From The Urbach Letter –
Making Sense of the Numbers... with Infographics
We're soaking in a data-drenched world. A massive new quantity of information is generated, collected, and distributed every millisecond. Forget about the old "Trying to take a drink from a fire hose" cliché. That's so 2000's. The fire hose is now a broken 18-inch water main...
Most of that new information is numerical. That's unfortunate because human beings aren't very good at scanning huge tables of numbers. We see the rows and columns but have a limited ability to form meaningful conclusions from the digits. No surprise there. We Homo sapiens have been around for 200,000 years, but "numbers" are a relatively recent invention. Our primeval skillset revolved around pattern recognition (e.g., being able to spot a prey animal hiding in the bush).
That's why graphics are so important. Properly constructed information graphics enable us to understand immense quantities of data at a glance, using our keen ability to interpret colors, shapes, groupings, and patterns.
A Social Graph
In an August 2010 TEDTalks speech on The Beauty of Data Visualization, info-journalist David McCandless displayed a calendar graph containing 10,000 data points:
He then asked, "Can you guess what this data represents? What rises twice a year, once at Easter and again two weeks before Christmas, has a mini-peak every Monday, and then flattens out during the summer?" The audience guessed chocolate sales, shopping, and sick leave. Nope. This is a chart of peak break-up times according to Facebook status updates!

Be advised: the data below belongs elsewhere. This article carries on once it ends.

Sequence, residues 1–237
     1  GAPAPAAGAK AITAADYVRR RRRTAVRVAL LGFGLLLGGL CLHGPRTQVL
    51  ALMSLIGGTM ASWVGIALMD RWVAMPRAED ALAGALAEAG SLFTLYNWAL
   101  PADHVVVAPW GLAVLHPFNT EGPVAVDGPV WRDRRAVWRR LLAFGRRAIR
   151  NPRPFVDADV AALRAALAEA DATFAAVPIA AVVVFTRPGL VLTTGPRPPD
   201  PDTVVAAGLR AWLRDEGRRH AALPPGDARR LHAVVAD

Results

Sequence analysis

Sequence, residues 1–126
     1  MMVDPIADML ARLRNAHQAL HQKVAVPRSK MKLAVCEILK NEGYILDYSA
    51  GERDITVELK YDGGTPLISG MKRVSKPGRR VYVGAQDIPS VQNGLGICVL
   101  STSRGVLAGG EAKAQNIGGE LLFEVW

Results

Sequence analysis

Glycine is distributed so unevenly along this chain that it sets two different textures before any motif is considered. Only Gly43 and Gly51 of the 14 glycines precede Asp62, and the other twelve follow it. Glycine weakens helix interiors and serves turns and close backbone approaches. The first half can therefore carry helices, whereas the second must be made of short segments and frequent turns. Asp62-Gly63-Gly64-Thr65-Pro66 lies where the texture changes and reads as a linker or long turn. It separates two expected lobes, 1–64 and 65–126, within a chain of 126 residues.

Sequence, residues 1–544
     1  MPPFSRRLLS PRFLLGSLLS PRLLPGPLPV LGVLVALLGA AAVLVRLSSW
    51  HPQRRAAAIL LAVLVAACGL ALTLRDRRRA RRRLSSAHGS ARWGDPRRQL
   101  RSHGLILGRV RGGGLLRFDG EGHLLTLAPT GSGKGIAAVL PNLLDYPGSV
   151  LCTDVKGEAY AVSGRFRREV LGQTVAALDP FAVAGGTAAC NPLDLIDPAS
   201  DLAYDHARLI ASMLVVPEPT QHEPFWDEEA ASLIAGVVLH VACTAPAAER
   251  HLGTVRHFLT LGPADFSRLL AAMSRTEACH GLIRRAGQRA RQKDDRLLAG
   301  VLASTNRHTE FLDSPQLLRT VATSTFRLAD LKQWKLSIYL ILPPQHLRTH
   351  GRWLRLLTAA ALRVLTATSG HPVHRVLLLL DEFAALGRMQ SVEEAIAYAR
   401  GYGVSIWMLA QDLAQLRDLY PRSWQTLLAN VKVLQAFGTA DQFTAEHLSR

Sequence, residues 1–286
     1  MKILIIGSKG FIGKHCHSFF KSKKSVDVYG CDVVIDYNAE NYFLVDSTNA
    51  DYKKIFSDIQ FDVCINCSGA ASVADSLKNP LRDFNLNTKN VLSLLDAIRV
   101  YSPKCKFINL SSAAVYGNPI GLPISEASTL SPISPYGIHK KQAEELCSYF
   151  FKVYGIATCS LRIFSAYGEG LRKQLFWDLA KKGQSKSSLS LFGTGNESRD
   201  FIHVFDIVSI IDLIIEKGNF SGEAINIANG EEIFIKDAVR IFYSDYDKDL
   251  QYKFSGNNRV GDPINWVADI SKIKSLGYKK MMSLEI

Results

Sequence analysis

His research team scoured ten thousand facebook status updates for the terms "break-up" and "broken up." Plotting that data on a 12-month axis enables some interesting observations: people tend to break up more often before vacations and holidays. April Fool's Day is big ("Knock-knock." "Who's there?" "Not you anymore!) Mondays are big, probably reflecting on weekend dates gone bad. The freedom-enabling peak before spring break is understandable, while the two weeks before Christmas is most likely gift-buying avoidance.
The World's Drinking Habits
On February 11, 2011, the World Health Organization published an 85 page document: Global Status Report on Alcohol and Health, presenting volumes of data related to booze consumption in 193 W.H.O. Member States. The bottom line is summarized in this single infographic:
The world average consumption is the equivalent of 6.1 liters of pure alcohol per person in the most recently studied year (2005). That middle band is colored tan (parts of China and Africa and South America). Most of the Americas came in above that average (7.5 to 9.99 liters), while Europeans and members of the former Soviet states really tipped it at 12.5 liters or more. Moldovans topped the list, with a per-capita consumption of 18.2 liters. This is a great example of using a color-coded map as an infographic. It "distills" down a huge amount of information to deliver a compelling graphic.
Faucet Handle Rotation Versus Perceived Shower Water Temperature
Great infographics don't have to be deadly serious. This one's just for fun:
However, I show it here as an example to make the point that every graphic should either communicate an idea, persuade the viewer, or present information in unique way. (Entertainment value is a plus.)
LOLcats or Breasts – Which Will You Choose to Learn About?
Some tall infographics are used to present a graphical story. I've chosen two examples for you. The first explains the origin of LOLcats and several other Internet memes while the second (marginally NSFW) presents some interesting factoids about the female breast: